Finally because nothing much has been happening and NZ Music month is almost over

Tall Dwarfs – Nothing’s Going to Happen

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Ignorance is NOT bliss

After reading CherylBernstein’s wonderful review of Rita Angus in Christchurch, and some ensuing discussion I realised how art ignorant I really am.

The thing is I still don’t really understand “curation” even with this great description courtesy of Alibi. I had not considered for example the role of the designer in how a show looks.

The thing is I now have even more questions regarding the Rita Angus exhibition and also the subset of works “on tour”. So here are some of my questions and the reasons why I want to know.

Just what is the designers role in staging such an exhibition?

How were works initially selected ie by what criteria? At Te Papa there seemed too many, in the touring show it seemed to me important works were missing. And then I saw some wonderful Angus works at the Eastern Southland Art Gallery that weren’t included (or apparently considered).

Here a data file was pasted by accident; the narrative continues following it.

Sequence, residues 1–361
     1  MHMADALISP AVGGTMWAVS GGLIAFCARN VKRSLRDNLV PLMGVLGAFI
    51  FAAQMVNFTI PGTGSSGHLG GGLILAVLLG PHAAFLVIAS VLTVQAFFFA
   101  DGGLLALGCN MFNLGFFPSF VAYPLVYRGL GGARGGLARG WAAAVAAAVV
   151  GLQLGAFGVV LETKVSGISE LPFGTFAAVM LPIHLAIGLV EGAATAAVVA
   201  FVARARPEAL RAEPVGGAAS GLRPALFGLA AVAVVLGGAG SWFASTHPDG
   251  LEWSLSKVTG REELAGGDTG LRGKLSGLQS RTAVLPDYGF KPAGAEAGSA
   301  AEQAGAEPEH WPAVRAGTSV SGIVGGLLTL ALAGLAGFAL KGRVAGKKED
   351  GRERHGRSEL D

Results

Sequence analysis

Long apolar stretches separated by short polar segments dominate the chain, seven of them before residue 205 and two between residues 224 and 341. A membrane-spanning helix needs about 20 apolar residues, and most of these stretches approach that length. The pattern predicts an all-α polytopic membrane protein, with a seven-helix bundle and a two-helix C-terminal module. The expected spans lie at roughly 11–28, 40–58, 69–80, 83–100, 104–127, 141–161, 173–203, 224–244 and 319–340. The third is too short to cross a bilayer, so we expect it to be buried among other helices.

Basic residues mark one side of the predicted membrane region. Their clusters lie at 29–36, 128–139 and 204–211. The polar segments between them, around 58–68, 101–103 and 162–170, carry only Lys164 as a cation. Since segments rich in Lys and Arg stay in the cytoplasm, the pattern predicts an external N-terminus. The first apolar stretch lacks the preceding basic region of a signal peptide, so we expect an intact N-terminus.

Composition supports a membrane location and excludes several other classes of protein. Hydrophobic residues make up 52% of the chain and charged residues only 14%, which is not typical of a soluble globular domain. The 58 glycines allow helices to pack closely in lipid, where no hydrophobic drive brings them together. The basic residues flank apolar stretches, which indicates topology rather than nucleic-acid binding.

The arrangement of the Te Papa exhibition was around this pretext(from Bronwyn Lloyd)

Rita Angus’s own description of the ideal way to present her art has determined the structure of the ‘Rita Angus Life & Vision’ exhibition, beautifully curated by Jill Trevelyan and William McAloon. Angus’s friend John Money recalled that she imagined her work displayed as a ‘kind of temple of art’ with her three Goddess paintings at the centre surrounded by a series of small chapels containing smaller paintings and watercolours related one to the other.”